“Midvaal sustained clean audits for a number of years,” Maluleke said, adding that the municipality had stability in leadership.

Tshwane and the City of Joburg have qualified audit opinions.

KwaZulu-Natal

The uKhahlamba municipality has maintained a clean audit record for six years.

“They invest in ensuring all systems internally support credible generation of useful and reliable info and compliance matters were kept in check,” Maluleke said.

Limpopo

The province has done away with disclaimers, something credited to the tone set by the provincial government.

The Capricorn municipality retains its clean audit while the only adverse audit was obtained by Mogalakwena municipality, which has been a site of much political and administrative instability for many years.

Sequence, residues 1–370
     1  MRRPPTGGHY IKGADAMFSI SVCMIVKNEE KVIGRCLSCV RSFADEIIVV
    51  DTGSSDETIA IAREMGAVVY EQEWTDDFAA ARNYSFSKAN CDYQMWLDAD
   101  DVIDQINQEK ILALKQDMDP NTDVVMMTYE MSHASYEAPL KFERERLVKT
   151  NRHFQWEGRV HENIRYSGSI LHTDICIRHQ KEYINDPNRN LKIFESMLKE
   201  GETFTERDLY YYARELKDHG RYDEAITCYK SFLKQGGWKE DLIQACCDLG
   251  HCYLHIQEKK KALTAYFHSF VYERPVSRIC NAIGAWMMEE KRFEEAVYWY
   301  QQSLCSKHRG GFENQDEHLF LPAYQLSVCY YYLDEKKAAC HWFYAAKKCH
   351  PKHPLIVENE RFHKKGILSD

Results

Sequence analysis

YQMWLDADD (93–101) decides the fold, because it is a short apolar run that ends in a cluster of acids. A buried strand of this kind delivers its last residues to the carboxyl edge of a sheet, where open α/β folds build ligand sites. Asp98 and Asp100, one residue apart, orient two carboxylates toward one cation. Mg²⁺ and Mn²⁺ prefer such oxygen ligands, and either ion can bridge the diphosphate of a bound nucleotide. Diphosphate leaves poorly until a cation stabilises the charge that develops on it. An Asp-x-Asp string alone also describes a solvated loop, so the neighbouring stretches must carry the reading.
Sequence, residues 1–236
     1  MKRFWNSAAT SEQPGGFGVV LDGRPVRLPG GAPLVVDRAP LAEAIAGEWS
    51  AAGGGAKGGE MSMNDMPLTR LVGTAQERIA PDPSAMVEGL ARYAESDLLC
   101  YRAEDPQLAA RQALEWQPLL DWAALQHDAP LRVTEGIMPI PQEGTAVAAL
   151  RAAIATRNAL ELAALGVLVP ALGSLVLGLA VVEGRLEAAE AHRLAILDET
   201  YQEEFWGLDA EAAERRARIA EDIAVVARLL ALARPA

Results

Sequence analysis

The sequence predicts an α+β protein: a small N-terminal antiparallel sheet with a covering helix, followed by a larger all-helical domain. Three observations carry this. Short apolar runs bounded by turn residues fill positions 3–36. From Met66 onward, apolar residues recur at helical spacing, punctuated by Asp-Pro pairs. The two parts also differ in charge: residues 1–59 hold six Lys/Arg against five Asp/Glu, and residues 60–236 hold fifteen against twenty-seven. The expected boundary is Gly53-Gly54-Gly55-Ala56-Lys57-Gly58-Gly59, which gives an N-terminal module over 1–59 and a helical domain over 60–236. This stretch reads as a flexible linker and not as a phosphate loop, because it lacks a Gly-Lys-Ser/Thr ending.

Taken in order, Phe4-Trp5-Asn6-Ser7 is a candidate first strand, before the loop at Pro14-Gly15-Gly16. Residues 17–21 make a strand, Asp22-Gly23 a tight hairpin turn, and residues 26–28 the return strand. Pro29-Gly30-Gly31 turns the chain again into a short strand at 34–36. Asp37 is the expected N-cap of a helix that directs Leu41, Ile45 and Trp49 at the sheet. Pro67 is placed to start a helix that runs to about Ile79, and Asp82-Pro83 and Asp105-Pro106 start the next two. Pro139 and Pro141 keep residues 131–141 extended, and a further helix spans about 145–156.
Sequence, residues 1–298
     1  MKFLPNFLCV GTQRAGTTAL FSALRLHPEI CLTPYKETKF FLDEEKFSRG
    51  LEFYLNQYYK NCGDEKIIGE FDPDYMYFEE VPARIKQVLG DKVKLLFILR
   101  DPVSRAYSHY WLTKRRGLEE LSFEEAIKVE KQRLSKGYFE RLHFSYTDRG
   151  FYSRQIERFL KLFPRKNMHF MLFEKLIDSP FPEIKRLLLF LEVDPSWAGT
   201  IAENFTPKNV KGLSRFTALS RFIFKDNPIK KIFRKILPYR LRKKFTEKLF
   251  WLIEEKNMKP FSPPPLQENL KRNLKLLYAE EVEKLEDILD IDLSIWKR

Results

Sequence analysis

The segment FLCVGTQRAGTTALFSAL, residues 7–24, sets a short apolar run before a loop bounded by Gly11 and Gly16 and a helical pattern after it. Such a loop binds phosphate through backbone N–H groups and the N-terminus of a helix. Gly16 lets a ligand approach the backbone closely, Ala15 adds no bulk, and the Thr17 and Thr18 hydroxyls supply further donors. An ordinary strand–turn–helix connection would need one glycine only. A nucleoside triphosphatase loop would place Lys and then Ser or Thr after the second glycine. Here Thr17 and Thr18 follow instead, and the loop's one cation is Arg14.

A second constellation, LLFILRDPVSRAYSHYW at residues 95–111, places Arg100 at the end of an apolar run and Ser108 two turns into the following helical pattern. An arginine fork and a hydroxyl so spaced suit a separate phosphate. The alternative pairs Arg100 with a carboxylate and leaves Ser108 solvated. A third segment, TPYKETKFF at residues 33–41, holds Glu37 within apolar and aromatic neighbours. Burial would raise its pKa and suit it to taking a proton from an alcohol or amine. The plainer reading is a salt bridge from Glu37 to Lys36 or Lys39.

Maluleke said the municipality was without a CFO and persons acting in that role led to significant instability.

“While with staff of people within the finance paying them R111m a year, when the year ended they did not have records to allow preparation for information for audit purposes.

“They went to hire a consultant and paid R44m. We could not agree with information that was presented as evidence,” she said, adding that compiling the financial statements cost the municipality a total of R145m.

Mpumalanga

The province has regressed over the past four years from unqualified to adverse.

Maluleke said the auditors struggle to complete audits in Mpumalanga as auditing was incredibly difficult.

“Many municipalities run their transactions out of bank accounts and try to compile statements at the end of financial year and the ability to audit what has been cobbled at the end of year is really difficult.”